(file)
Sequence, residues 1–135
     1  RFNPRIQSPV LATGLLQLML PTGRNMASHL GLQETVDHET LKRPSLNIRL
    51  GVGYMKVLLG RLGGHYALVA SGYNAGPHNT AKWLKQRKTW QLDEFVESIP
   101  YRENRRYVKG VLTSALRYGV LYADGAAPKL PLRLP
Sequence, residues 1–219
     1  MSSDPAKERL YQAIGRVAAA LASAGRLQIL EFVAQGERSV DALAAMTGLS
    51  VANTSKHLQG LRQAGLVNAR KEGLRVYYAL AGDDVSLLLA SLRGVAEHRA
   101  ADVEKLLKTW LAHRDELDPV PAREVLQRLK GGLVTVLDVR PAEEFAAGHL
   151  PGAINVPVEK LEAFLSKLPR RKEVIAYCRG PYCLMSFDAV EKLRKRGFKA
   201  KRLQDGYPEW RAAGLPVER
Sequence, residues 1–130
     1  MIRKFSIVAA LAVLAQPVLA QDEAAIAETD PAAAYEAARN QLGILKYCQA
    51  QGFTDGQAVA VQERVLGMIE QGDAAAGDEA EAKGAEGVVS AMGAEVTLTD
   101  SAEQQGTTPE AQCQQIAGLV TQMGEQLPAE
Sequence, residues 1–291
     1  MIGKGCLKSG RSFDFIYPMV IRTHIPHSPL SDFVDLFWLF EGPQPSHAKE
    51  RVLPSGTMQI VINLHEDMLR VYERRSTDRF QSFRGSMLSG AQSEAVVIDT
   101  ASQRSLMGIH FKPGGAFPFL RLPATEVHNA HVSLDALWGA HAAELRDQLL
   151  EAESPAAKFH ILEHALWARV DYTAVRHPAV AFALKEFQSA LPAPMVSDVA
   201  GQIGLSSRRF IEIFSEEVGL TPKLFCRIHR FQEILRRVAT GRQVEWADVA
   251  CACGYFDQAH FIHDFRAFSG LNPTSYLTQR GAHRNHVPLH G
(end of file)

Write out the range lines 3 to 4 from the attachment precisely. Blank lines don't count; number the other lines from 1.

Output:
    51  GVGYMKVLLG RLGGHYALVA SGYNAGPHNT AKWLKQRKTW QLDEFVESIP
   101  YRENRRYVKG VLTSALRYGV LYADGAAPKL PLRLP